Supreme Ruler: Cold War is a superb simulator. There are a ton of things going on at once. You can control things at a macro level, influencing policy, and you can control things at a micro level, moving individual units. Of course, everything between the two is fair game as well. In fact, it felt like there was too much to control. It's hard to keep track of everything, and there's no real way to know how to go about reaching goals. In a game, the player is given a goal, taught how to reach the goals, and finally allowed to try to reach the goal. Supreme Ruler: Cold War is more simulator and less game, showing users an in-depth simulation and welcoming them to see what effects their actions would have. Unfortunately, frequently there's little way to know what most actions would ultimately do. Supreme Ruler: Cold War gives you a ton of control over every little thing, but please, read the manual and be patient! It's available now through digital distribution for $29.99!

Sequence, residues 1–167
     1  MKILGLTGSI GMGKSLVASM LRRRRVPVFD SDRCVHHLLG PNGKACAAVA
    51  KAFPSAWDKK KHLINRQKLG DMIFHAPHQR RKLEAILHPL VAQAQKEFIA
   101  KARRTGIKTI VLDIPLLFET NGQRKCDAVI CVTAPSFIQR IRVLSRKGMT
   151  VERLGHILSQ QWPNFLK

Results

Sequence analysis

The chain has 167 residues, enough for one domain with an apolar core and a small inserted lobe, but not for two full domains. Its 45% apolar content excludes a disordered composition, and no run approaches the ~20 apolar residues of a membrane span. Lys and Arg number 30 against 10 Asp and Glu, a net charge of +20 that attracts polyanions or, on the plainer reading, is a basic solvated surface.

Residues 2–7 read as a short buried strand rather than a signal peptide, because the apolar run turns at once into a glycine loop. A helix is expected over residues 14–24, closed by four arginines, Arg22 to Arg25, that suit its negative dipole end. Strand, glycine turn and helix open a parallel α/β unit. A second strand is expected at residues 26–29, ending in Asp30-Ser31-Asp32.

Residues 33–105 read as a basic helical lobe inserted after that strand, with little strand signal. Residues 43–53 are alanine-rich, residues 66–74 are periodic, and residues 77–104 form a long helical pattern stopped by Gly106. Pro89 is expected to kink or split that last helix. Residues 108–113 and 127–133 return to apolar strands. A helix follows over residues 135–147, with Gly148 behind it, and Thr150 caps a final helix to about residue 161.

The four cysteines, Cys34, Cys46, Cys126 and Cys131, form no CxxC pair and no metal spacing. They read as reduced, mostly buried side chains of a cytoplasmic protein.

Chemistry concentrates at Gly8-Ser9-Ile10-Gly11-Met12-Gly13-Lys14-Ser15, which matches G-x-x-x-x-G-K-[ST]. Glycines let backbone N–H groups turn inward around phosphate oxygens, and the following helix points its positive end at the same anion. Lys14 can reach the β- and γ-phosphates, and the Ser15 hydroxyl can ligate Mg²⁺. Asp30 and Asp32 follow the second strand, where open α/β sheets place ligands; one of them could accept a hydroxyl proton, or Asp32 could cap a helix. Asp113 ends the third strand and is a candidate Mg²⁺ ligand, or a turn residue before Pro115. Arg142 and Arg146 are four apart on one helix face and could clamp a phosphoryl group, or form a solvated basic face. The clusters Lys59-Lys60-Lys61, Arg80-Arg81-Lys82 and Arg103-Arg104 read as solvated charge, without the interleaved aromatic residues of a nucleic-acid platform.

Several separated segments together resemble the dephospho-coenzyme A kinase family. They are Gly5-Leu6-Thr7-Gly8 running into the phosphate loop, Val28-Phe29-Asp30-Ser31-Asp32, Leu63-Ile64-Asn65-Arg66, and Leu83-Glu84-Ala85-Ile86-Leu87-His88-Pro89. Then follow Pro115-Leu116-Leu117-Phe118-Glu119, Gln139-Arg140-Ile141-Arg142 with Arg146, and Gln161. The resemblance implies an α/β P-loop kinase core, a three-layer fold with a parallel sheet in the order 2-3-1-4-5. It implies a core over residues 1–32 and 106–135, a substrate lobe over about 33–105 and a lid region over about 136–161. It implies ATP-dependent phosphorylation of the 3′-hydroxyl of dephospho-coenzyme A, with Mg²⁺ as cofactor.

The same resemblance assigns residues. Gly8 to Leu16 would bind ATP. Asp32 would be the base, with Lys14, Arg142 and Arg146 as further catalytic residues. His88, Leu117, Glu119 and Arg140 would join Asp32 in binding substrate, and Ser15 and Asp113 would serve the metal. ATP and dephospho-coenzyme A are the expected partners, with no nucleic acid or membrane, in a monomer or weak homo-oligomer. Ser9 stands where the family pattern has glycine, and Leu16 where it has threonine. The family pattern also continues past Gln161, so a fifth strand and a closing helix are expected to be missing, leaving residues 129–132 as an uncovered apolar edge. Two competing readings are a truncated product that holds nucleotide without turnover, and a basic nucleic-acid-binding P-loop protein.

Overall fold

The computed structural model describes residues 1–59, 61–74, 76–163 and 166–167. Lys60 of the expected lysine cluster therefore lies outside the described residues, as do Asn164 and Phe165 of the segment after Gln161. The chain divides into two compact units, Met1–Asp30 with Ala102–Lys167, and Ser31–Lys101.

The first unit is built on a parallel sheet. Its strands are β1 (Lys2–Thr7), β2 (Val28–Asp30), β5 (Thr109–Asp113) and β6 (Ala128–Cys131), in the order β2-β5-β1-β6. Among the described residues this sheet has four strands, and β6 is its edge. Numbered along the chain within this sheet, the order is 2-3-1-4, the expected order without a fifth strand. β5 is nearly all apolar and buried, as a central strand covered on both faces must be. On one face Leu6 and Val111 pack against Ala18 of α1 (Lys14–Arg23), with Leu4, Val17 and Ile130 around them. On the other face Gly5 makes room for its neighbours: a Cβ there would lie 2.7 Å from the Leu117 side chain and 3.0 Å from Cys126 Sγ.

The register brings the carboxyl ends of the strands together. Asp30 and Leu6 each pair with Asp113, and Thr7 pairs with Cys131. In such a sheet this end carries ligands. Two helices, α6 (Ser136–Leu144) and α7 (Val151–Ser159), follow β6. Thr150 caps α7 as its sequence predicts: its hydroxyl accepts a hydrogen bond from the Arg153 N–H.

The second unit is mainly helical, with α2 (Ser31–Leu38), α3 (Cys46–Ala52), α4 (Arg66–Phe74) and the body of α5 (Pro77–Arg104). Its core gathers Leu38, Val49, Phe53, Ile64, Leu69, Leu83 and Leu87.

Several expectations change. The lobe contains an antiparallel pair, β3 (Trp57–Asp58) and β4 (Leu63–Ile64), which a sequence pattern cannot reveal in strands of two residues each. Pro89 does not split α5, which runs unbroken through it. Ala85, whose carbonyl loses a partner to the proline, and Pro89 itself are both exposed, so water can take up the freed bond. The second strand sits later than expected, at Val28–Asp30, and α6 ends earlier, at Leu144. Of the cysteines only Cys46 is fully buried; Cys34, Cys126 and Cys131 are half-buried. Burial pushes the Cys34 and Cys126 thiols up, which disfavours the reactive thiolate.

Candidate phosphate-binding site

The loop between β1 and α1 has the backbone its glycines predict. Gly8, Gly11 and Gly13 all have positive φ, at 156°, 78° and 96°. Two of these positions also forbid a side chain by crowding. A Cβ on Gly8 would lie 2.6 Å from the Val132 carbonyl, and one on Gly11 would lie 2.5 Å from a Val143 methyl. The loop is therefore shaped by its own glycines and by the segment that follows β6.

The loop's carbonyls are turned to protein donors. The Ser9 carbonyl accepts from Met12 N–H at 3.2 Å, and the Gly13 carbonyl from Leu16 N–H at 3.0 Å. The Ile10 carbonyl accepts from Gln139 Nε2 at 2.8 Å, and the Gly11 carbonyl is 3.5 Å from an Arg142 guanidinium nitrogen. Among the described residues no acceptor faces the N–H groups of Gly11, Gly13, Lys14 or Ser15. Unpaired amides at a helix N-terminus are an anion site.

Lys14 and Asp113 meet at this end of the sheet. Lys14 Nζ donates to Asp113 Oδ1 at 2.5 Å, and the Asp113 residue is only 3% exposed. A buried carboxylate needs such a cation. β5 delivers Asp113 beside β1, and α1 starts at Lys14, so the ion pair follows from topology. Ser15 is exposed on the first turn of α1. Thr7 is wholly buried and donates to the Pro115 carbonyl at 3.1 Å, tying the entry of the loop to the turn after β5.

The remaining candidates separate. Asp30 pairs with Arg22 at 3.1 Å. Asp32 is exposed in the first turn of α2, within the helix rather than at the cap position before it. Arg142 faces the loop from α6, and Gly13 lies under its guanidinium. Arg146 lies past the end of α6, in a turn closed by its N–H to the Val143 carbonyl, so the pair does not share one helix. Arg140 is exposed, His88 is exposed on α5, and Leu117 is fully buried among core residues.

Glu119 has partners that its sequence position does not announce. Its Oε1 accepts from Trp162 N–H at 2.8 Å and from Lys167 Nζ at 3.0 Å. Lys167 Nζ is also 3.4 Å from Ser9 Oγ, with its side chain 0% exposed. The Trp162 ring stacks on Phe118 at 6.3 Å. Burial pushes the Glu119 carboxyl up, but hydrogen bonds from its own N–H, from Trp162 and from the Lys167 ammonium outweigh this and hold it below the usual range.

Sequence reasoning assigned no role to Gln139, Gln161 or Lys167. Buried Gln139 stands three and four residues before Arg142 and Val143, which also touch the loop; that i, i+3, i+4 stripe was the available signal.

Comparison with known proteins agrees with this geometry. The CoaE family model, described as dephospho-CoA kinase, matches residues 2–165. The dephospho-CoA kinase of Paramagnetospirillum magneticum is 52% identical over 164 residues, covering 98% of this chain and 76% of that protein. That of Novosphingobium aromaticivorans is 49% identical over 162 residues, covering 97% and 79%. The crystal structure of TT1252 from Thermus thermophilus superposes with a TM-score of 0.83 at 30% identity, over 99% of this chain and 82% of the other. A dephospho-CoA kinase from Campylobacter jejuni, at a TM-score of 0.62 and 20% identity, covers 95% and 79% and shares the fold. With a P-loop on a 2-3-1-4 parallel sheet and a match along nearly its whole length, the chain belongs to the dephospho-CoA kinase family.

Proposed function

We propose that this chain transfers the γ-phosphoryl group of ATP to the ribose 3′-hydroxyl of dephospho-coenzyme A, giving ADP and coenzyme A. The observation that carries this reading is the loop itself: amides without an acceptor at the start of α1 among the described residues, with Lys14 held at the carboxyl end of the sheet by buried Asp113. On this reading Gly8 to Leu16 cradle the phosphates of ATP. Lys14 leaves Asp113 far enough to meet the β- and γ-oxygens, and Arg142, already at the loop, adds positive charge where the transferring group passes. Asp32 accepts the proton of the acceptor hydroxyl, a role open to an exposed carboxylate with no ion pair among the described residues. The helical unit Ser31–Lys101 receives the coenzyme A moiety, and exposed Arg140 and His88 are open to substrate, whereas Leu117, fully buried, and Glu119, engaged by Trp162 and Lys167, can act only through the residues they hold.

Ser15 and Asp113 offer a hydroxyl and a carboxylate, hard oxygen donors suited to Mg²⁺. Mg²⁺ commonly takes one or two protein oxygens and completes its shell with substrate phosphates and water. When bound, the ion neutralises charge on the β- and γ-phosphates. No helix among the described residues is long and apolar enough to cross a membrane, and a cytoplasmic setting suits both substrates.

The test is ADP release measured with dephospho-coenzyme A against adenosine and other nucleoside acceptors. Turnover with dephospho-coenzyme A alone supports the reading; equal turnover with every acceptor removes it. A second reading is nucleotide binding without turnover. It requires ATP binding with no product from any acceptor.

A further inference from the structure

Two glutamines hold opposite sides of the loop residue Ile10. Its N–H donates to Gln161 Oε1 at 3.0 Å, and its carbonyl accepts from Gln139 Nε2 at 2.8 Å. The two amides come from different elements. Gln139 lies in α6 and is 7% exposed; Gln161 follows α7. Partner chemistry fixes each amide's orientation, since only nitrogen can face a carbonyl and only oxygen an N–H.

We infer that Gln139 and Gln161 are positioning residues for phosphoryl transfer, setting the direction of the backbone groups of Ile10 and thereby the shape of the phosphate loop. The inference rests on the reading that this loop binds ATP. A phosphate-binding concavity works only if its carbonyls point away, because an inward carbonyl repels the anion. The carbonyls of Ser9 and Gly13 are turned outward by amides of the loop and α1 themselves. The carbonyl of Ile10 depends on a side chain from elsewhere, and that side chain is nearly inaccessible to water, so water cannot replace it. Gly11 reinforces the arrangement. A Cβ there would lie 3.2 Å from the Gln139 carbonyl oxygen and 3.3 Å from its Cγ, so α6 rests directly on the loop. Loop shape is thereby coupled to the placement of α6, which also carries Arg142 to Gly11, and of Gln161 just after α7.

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Comments

Has Peter Anargirou played previous SR games like 2020?

I just wonder because I think if he had it would have been familiar to him and he seems to be new to a very complex game hence the low score.

A good review, very balanced,

A good review, very balanced, and I may well crib a few notes for the next paradox review, as a common "problem" with Paradox historical games is that they don't tend to explain things very well, in, or out of game. Victoria 2 is an excellent example of this, where you have to go beyond the manual for decent explanations of why certain things happen.